Several years ago, I sat in a courtroom in Pennsylvania, assisting the defense in a capital murder jury selection. The process was involved, and potential jurors were interviewed one at a time after completing a comprehensive questionnaire. Naturally, we had scored all the questionnaires, so we had a very good idea of who was likely to be fair and who was not. During the individual voir dire with the judge, however, we watched as one after another, the jurors who we had scored best for our side, mounted the stand and proceeded to disqualify themselves from jury duty on this case. “Yes,” they had very strong feelings against the death penalty, and “No,” they could not set those opinions aside. What we saw in that case, of course, was part of the skew caused by “death-qualifying” a jury. We foisted some of that same hurt on the state’s side by pressing for “life-qualifyingtheir favorable jurors.

The risk of a good potential juror choosing to sacrifice themselves during voir dire is a factor that matters in all kinds of cases. No matter what counts as “favorable,” in your own case, there is a good chance that there’s a favorable member of the venire who feels that they ought to be disqualified precisely because of that favorability. For example, in a recent article for The Marshall Project, Baltimore Public Defender Todd Oppenheim writes about candidates being “Too ‘Woke’ for the Jury box.” He observes that increasing awareness of the “Black Lives Matter” campaign has led to far too many potential jurors who would bring some appropriate skepticism to the state’s case and end up believing that their opinions or experiences make them ineligible for jury duty. While it is obviously proper to remove those with a hard bias, Oppenheim’s experience is that jurors will often overstate their attitudes and their degree of inalterability. “Is your position really going to cause you to ignore evidence? Do you disbelieve every single cop, or do you have to hear from them first to decide? What if you were the victim?” He writes, “These are kinds of questions potential jurors should ask themselves to better determine whether they actually have a bias or just a point of view.” It is also a concern for attorneys in framing the voir dire. In this post, I’ll share some ideas for addressing bias in those situations. When you think that an over-recognition of bias is going to cut against you, there are three things you ought to do.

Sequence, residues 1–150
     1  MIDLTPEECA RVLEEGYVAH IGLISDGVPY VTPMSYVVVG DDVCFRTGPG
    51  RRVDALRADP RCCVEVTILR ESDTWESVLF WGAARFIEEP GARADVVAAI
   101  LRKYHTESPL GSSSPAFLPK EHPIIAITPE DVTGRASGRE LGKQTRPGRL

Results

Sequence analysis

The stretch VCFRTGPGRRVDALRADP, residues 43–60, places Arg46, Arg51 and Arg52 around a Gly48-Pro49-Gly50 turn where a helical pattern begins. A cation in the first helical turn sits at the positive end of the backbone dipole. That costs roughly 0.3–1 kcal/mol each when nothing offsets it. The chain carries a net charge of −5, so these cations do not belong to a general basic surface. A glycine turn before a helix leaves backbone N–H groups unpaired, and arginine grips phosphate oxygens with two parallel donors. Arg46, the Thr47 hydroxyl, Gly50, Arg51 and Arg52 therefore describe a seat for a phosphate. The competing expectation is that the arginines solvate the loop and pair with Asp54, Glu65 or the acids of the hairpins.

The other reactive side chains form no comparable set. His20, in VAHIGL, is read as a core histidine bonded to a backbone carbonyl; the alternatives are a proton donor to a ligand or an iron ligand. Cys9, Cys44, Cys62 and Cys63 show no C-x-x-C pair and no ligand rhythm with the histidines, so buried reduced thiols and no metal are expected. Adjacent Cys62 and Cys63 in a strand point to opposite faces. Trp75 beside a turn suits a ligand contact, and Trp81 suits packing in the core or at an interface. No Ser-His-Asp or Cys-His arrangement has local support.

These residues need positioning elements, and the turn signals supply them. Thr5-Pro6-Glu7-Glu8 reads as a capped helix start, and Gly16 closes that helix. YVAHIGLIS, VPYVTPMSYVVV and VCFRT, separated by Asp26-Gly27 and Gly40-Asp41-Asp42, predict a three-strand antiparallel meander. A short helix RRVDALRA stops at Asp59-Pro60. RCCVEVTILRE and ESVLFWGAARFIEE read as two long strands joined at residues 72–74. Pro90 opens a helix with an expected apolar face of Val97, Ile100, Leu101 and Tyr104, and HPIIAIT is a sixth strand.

Normalize Bias

The default view of jurors walking into the courtroom is probably that a strong opinion equals bias. And in the opening remarks, the judge might reinforce that view, causing the venire members to expect that they are supposed to be blank slates. To combat that view, you need to try to send the message that opinions are normal and expected. That has the side benefit of also setting the stage for greater disclosure which makes it easier to effectively use your peremptory strikes.

To the extent you are able to make your own introduction or to influence the judge’s introduction, you might try content like this: